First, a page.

Now there's something to get tweeting mad about!

Friday, November 14, 2008

My Frito Pie Future?

Hubby Hawks was a wrestler. He is from a family of wrestlers -- five of the seven boys in his family wrestled in high school. And they were all good. And now two of them, Hubby included, are wrestling officials in their "spare" time between December and February. It's his opportunity to get back on the mat, be in the midst of weekend tourney excitement, the shouting, the old wood gym smell, the Frito pie lunches, the bleachers of middle aged parents weilding video cameras, the sweat, blood and sometimes tears.

Even though wrestling is apparently part of his DNA, he has always said that he does not care if his boys want to follow in his wrestling shoes. He wants them to find their own passions. In the meantime, I'm having a blast sampling the options with them. Sure, in our backyard you'll find the t-ball set and the basketball hoop and the baseballs and bikes, yadda yadda.

But what I find more exciting are the sports you can't buy at Target. Last year, we completed our first round of swimming lessons and discovered we have two water babies. Then last week, Graham took his first horseback riding lesson. My little two-year-old trotted around an arena on a full-sized stallion like a real equestrian. I shared the saddle with him, sitting behind him and beaming with pride that my little toddler was telling this massive animal to "go faster!"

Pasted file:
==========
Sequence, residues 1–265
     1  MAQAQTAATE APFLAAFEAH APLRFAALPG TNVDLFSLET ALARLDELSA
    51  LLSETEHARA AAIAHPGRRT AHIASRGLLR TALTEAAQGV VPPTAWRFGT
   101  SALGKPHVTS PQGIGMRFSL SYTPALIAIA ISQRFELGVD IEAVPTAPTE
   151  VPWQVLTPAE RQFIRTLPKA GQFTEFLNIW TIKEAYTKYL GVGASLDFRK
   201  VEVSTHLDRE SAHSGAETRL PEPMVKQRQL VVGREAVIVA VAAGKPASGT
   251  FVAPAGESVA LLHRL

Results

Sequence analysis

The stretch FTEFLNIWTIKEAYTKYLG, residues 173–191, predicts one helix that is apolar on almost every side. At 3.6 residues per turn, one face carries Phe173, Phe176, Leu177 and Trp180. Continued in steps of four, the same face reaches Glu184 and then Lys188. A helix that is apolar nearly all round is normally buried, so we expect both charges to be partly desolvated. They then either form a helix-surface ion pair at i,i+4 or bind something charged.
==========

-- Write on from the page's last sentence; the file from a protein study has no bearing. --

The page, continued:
In the meantime, attempting to not assign Reid a label already at just 18 months, he so far actually appears to be...wait for it...a wrestler. It's nearly shocking to see him actually almost doing it right, taking down Graham in the family room. As in, actual technique. (Yes, you may be surprised to know there is actual technique for barbaric acts. There is a "right" way to go about annihilating your opponent.) This 18-month-old may not need any of dad's covert coaxing into wrestling after all. Watching him take down his big brother, I found myself glimpsing the future, smelling the sweat and Frito pies...

But I was brought back to earth when I came across this article about what parents will pay on their kids' sports. "Your kid won't be as good if you don't pay for all the extras," one dad says within. Kids' sports is no longer about fun, exercise and character building; it's about transactions -- an industry with a new array of products. Parents apparently have no choice but to engage with it all if they are to give their kids a chance at making a school team. There are 40 times more kids participating in baseball traveling teams today than there were just 10 years ago. What will this industry look like 10 years from now? Are sports still about kids having fun, or is this a hotbed for sports marketers?